From the business point of view, we want our business to grow and become bigger and bigger. In view of creativity and entrepreneurship, we want to have free hand to develop our business. Perhaps, this is not the case in Singapore. Perhaps, you will see the opposite, especially in social media.
The bigger you are you will encounter more official controls and obstacles. So, whether TRE or TOC, this business model will not work in Singapore.
The government only allows MSM and its websites to grow. When they are not able to compete, the government will help to control the growth of alternative social media.
This is the business environment in Singapore. So, you cannot expect business models like Malaysiakini or The Huffington Post in Singapore.
Hence, the question is how Singapore can have a sustainable creativity and entrepreneurship environment. Singaporeans are creative but the environment is very different. The game rules are not set by the market and its growth has to be approved by the authority.
No supporting environment for creativity
From Creative Technology to Ilo Ilo, how can we sustain our creativity?
No wonder our creativity cannot sustain for too long as we have a government likes to control ….
Starting from this Saturday, websites that regularly report Singapore news and have significant reach will require individual licences to operate. Even you want to grow big in the internet; you can’t as there are always visible and invisible hands over your heads.
By winning the top honours and making history for Singapore film industry at this year’s Cannes Film Festival, Anthony Chen’s Ilo Ilo has once again demonstrated to the world the creativity of Singaporeans. But can this creativity last? And how can we sustain it?
If you remember the story of Creative Technology, one of the best known Singapore technology company in the 1980s and 1990s, how come we, Singapore as a whole, cannot help and push the company to a new height?
Like Ilo Ilo, Creative Technology and many of our artists have achieved honours first not in Singapore but elsewhere. And we know it is very difficult to have the breakthrough. For example, the City Harvest Church’s crossover project had spent multi-million dollars in the USA and has yet to see significant achievement for Sun Ho.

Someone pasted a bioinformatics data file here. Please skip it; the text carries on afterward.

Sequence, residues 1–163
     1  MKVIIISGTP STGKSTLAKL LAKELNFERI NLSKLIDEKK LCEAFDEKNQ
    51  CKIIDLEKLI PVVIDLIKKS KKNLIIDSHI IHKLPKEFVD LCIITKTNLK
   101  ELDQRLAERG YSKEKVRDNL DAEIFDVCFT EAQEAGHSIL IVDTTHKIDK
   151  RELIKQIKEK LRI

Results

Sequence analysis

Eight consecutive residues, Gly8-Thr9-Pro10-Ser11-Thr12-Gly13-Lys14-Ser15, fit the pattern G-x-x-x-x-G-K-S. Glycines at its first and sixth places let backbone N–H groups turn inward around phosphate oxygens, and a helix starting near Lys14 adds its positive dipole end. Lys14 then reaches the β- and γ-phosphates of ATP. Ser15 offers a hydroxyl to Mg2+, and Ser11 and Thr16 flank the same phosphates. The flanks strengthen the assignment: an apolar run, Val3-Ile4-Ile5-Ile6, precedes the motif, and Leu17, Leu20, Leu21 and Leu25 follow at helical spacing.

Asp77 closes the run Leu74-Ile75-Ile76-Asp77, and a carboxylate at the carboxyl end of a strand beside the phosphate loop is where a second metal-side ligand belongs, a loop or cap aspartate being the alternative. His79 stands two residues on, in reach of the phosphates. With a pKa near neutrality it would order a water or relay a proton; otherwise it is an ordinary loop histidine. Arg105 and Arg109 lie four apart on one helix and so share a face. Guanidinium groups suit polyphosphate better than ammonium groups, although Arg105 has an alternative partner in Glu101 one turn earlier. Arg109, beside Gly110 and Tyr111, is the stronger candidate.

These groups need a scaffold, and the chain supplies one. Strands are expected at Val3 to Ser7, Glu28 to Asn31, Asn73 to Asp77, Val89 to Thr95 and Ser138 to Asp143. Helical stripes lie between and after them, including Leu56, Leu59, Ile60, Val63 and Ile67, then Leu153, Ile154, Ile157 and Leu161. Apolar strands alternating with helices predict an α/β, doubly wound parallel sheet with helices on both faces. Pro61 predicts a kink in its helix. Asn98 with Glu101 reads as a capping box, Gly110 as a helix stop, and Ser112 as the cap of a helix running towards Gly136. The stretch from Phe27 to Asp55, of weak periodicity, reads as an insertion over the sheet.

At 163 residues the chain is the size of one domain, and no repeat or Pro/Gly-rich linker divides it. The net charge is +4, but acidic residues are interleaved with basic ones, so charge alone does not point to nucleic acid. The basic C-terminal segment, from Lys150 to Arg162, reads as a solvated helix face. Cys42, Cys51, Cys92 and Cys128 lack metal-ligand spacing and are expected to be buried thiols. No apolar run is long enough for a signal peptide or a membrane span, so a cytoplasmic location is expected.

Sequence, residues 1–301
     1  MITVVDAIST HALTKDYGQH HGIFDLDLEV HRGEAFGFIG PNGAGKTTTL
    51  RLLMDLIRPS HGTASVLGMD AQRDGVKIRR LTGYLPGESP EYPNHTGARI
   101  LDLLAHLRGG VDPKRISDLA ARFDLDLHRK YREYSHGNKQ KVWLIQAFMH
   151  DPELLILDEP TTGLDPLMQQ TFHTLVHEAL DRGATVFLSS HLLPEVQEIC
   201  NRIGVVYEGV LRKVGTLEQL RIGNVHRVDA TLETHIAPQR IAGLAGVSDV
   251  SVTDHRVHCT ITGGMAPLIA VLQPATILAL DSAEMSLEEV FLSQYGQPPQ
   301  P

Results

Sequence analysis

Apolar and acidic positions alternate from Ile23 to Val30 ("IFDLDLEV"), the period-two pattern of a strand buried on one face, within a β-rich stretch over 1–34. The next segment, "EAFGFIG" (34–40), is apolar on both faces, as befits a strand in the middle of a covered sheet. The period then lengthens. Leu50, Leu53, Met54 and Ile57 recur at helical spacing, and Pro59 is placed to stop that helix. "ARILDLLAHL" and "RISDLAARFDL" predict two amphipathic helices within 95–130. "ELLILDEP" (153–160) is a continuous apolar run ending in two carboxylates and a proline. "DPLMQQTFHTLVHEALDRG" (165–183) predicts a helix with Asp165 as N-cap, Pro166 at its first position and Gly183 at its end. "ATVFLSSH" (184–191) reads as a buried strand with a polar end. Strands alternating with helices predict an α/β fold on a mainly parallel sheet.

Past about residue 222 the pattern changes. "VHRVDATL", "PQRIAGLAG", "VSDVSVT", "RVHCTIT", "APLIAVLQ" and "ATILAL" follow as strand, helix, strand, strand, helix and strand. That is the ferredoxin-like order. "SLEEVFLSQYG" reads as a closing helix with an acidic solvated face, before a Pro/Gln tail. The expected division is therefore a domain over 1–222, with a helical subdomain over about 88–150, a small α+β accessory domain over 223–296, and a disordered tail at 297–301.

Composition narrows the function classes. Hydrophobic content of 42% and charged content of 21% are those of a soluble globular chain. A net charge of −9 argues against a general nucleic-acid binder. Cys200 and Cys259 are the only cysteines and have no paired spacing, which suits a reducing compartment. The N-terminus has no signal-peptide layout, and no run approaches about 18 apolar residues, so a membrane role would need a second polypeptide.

Monopoly in social media
We are happy to see the success story of Ilo Ilo at Canes. But with the kind of movie industry and appreciation culture in Singapore, how long can the success last? The issue of creativity sustainability is always there. We can’t solve it in the past and how can we solve in future?
To add salt to the wounds, the new MDA licensing is telling netizens to self-control your activities in the social media. Try not to be too creative or too smart to outdo others.
Instead of preventing monopoly in social media, the government is trying to tell Singaporeans that monopoly of MSM is good for Singapore. In the nation building, MSM not alternative news will be necessary and required. So, if you want to be creative, you can join the MSM or SG Conversation. This is safe environment and you are protected but with a trade-off of your creativity.
The new MDA licensing is not only bad for social media development. It also reminds creative people their limited space in Singapore and the difficulty they will face if they want to be enterprise or develop business models in social media.
No need to be creative, the AIMgate has already shown you the importance of political association and correctness.
For the future good of Singapore, do we really need creativity and entrepreneurship? Perhaps, in the view of the PAP, only politically correct creativity and entrepreneurship have a place in Singapore.
What do you think?